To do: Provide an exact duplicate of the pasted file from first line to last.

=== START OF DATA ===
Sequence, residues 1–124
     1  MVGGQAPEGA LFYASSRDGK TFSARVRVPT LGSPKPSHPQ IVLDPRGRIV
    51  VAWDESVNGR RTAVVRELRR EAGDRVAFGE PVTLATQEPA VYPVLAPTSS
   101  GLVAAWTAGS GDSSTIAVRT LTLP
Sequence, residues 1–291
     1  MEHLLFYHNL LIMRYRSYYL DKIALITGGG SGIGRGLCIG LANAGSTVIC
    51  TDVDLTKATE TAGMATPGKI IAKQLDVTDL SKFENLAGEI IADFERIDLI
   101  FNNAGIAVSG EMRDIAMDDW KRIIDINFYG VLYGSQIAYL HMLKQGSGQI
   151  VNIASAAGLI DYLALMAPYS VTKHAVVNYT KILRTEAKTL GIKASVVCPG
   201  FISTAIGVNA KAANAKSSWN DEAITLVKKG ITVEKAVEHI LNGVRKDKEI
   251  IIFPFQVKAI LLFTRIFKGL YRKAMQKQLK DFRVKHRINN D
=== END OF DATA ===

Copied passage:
Sequence, residues 1–124
     1  MVGGQAPEGA LFYASSRDGK TFSARVRVPT LGSPKPSHPQ IVLDPRGRIV
    51  VAWDESVNGR RTAVVRELRR EAGDRVAFGE PVTLATQEPA VYPVLAPTSS
   101  GLVAAWTAGS GDSSTIAVRT LTLP
Sequence, residues 1–291
     1  MEHLLFYHNL LIMRYRSYYL DKIALITGGG SGIGRGLCIG LANAGSTVIC
    51  TDVDLTKATE TAGMATPGKI IAKQLDVTDL SKFENLAGEI IADFERIDLI
   101  FNNAGIAVSG EMRDIAMDDW KRIIDINFYG VLYGSQIAYL HMLKQGSGQI
   151  VNIASAAGLI DYLALMAPYS VTKHAVVNYT KILRTEAKTL GIKASVVCPG
   201  FISTAIGVNA KAANAKSSWN DEAITLVKKG ITVEKAVEHI LNGVRKDKEI
   251  IIFPFQVKAI LLFTRIFKGL YRKAMQKQLK DFRVKHRINN D